My hope is that my children will recognize the importance of commitment and will experience it for themselves some day with their spouse.

Here is one Bible verse that was read at our wedding ceremony I’d like to share with you.

For this reason a man shall leave his father

and mother to be united to his wife

and the two shall become one flesh.

-Ephesians 5:31

What have been your experiences in dating and/or marriage?

Blessings, Rebecca

Working Mom

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Do you ever struggle balancing working with motherhood? I think a lot of moms find it difficult to balance career and parenting.

When I was fresh out of college, a 60 hour work week was the semiconductor industry standard. Initially, I found my manufacturing management position rewarding. Down the road, I dreamed of having a family of my own. Most of my friends were married and had children. In fact, one day a co-worker of plopped in my office chair and said, “Rebecca, why aren’t you married yet?” I sat stunned, “I’m not sure. I just haven’t met the right guy yet.”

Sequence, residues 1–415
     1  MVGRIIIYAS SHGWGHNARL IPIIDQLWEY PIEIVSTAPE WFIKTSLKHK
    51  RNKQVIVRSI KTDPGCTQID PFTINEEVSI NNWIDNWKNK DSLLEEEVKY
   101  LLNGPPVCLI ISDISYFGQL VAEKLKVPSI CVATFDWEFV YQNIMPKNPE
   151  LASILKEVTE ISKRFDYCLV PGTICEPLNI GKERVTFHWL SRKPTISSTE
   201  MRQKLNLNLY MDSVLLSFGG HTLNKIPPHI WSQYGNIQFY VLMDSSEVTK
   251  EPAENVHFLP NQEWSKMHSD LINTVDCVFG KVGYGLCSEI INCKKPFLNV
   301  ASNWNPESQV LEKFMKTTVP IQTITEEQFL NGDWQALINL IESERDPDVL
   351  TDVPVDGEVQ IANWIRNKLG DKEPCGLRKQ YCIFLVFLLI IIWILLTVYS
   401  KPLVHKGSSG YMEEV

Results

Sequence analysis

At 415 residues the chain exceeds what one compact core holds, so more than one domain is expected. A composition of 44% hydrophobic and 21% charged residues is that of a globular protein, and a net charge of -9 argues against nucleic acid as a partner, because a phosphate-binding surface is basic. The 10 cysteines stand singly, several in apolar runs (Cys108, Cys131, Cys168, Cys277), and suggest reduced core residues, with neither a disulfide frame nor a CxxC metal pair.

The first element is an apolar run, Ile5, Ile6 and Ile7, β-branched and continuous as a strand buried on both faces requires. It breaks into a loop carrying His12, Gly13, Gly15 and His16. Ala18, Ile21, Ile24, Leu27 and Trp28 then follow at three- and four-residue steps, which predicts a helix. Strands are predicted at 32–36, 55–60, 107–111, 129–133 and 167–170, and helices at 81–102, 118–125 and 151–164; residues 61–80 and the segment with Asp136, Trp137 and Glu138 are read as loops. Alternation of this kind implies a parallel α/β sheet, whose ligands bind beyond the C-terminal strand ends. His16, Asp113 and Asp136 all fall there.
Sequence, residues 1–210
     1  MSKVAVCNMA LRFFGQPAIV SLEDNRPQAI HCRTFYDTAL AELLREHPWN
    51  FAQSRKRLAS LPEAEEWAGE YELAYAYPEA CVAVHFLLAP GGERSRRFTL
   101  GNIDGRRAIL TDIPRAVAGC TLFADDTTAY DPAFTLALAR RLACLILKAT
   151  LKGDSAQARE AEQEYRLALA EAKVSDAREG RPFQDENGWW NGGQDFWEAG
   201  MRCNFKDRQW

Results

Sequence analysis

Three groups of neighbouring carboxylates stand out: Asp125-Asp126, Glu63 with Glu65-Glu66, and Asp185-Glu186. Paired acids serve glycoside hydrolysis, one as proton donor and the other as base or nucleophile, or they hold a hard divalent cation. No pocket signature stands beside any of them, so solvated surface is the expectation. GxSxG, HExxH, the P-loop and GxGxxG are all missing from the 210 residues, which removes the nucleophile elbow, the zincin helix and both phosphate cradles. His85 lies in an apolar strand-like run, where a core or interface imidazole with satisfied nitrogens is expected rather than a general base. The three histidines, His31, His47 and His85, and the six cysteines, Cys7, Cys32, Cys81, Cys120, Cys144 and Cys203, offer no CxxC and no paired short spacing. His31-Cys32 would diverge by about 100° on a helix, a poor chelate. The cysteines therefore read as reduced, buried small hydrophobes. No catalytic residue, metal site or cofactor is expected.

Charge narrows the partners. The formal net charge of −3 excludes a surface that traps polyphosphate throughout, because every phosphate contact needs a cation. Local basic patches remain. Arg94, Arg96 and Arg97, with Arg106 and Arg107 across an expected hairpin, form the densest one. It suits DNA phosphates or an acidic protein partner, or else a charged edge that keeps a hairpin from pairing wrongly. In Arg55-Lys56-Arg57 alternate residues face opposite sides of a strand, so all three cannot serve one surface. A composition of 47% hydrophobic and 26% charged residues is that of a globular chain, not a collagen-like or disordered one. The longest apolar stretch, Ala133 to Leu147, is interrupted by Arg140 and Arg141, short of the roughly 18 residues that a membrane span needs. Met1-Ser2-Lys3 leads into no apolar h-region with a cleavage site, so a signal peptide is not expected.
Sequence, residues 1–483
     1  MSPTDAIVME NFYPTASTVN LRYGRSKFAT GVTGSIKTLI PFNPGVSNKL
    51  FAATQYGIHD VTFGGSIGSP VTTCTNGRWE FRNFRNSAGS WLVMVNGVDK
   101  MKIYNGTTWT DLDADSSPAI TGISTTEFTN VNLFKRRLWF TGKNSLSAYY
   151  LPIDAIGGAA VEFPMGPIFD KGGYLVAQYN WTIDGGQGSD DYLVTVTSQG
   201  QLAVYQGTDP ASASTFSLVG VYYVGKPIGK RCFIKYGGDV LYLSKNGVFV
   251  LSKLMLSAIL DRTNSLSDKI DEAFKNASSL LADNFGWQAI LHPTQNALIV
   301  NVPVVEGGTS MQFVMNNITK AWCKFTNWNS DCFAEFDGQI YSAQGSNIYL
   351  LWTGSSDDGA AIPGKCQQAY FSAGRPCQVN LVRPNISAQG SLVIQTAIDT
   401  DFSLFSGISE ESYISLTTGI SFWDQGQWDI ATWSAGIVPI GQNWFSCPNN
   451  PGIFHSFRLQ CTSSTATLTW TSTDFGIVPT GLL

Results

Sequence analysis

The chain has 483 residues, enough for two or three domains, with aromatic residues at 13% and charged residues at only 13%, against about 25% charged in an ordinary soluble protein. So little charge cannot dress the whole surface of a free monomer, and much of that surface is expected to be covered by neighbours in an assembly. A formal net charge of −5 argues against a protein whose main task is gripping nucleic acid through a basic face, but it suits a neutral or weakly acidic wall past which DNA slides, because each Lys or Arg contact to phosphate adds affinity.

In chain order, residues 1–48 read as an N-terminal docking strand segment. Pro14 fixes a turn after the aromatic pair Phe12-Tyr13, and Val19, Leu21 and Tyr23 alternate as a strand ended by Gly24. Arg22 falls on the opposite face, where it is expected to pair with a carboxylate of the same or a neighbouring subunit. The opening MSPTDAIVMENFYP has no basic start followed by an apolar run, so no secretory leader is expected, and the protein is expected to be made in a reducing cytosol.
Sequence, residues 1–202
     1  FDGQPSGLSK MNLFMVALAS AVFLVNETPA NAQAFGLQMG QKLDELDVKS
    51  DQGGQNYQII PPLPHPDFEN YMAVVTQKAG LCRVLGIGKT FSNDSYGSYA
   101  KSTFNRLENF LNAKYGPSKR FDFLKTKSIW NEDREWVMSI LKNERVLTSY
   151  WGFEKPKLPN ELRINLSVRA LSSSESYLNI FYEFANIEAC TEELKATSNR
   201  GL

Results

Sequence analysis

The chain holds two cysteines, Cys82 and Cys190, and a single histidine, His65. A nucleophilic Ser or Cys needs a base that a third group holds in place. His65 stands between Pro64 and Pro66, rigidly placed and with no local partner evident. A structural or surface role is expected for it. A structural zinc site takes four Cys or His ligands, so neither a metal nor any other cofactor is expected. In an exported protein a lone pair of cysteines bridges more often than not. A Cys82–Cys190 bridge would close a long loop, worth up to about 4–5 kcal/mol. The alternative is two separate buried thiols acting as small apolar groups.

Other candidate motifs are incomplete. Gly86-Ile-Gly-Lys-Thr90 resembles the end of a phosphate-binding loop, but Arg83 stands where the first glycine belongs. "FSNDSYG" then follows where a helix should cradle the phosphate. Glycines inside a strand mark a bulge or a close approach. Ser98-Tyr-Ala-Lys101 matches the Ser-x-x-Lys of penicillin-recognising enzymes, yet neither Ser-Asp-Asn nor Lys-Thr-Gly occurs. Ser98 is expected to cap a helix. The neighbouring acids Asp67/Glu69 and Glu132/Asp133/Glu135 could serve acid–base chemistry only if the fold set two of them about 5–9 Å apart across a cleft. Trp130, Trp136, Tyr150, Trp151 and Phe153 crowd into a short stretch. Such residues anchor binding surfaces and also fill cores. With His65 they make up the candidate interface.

Fast forward a few years, my focus became my marriage and family life. Now, I enjoy watching my kids grow. My new challenge is balancing work, taking care of our household, and helping with homework.

One way that helps me balance my day is starting out with some quiet time with the Lord, praying and reading God’s word. Carving this time out of my busy schedule always helps me keep focused and makes my day go smooth.

Can you relate? If so, what tips have you found successful?

Passport to Purity

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In a world where everything goes, it’s challenging to teach your children God’s design for marriage. This week, I am preparing for the “big talk” with my adolescent daughter. Fortunately, my husband and I found a great teaching tool called Passport to Purity created by Focus on the Family. They’ve created a helpful information to have a sober, yet, fun discussion with your children about the facts of life. It helped navigate my husband with our son a couple years back. I highly recommend it for frank discussions with your children.